Well, what about contamination? Fracking has been going on longer and much more widely in the USA than anywhere else, now accounting for about half of natural gas production, but there has been no evidence of contamination of water sources by the chemical content of the fracking fluid. But it’s not all good news. Increased methane levels have been found in ground water near fracking sites. The industry thinks that it can fix the problem, but it’s an issue of concern.

Leakage of gas generally is a concern. Natural gas, methane, is a much worse greenhouse gas than carbon dioxide, having about 20 to 30 times the warming effect. Although natural gas is a far “cleaner” fuel than coal in terms of carbon generation, any leaks undermine the climate benefits, but the calculations suggest that the leakage rate would have to be much worse than actually observed in the American industry to make fracked gas as harmful as coal.

In fact, natural gas is credited with about half the net reduction in the United States’ carbon emissions over the last ten years. Because it’s currently cheaper, gas has displaced coal for power generation, and gas releases about half the carbon dioxide as coal for the same energy. The coal reserves being exploited today are also dirtier than previously, so less coal means cleaner air generally.

So that’s all good? Well, what happens to the dirty coal that American power stations no longer want? Countries like Britain and Germany buy it for power generation, that’s what. While the USA has gradually reduced its carbon footprint by 9% over ten years, Britain’s jumped 3.5% in one year, mainly because of the use of cheap American coal, instead of natural gas.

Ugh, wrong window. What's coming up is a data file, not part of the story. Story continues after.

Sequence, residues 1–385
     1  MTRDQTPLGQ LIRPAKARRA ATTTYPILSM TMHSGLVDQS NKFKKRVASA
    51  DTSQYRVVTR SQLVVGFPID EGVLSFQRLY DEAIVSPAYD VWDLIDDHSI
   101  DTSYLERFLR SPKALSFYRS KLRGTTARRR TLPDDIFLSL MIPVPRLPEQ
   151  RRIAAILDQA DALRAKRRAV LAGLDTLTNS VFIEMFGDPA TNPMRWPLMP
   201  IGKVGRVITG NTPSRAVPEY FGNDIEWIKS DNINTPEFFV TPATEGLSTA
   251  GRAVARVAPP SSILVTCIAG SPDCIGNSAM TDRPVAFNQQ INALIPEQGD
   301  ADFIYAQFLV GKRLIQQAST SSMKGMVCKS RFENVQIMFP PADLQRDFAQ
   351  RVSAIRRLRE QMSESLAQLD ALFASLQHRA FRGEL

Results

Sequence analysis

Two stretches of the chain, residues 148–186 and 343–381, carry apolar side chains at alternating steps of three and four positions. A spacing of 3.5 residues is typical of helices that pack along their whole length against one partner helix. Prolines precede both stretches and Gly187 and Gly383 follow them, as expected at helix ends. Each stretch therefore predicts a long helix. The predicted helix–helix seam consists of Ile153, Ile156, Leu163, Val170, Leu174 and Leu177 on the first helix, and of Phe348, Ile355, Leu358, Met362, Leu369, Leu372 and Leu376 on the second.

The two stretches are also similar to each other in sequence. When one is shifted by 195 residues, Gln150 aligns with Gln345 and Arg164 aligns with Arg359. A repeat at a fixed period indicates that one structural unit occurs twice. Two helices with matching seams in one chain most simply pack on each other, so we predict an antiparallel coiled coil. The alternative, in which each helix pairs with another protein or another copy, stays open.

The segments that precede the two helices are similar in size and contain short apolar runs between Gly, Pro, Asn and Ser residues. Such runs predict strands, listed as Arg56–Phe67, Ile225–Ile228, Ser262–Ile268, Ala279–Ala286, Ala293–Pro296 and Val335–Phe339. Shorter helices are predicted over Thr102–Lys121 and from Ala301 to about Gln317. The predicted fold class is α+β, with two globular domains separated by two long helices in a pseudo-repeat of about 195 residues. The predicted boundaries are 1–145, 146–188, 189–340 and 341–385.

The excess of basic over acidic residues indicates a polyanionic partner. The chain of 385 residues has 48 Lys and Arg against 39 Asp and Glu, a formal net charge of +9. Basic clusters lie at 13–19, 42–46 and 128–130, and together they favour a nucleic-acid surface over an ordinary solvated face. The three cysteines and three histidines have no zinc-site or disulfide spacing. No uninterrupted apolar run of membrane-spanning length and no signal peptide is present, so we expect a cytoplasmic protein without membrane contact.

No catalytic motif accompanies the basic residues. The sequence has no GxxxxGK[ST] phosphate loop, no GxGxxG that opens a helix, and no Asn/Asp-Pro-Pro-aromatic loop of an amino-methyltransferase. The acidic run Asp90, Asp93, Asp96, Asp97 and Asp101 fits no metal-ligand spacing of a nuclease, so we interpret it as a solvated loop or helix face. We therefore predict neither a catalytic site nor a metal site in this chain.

If Britain had its own gas and could produce it on the same scale as the Americans, it would bring down the carbon footprint, and hence the interest in fracking in the UK. But nobody yet knows if production is practicable and scalable. All the current work is merely experimental.

Taking all the information into account, my opinion at the minute is that there is no realistic danger of fracking on our doorsteps causing direct environmental damage. The argument shouldn’t be about that, but about the climate change aspects. Fracked gas is better than coal; but of course solar, wind, tide (and maybe even nuclear power) are better than gas.

Some people argue that gas is a “filler” technology, a less damaging substitute for coal to bridge the gap while we get renewable energy sources to their full potential. Others say that it would be better to spend money now on renewables and not on fracking.

I’m going to be open-minded for now, while bearing in mind the deviousness and dishonesty of the fossil fuel industries. I’m very cynical as you know.

Ye Gods

It’s implicit in the beliefs in the three related religions of Islam, Judaism and Christianity that the one true God was known and worshipped from the beginning of time. Or at least from the time of Abraham, which is almost the same. (Bishop Ussher of Armagh calculated that Abraham was born 1943 years after the Creation.)

Abraham, if he existed, would have lived some time in the earlier half of the second millennium BC, say before 1500 BC. But the difficulty is that the stories about him (and the rest of the Bible) weren’t written down until a full thousand years later, when monotheistic Judaism was fully established. That makes it hard to use the Bible to learn any definite facts about the beliefs and practices of that earlier time.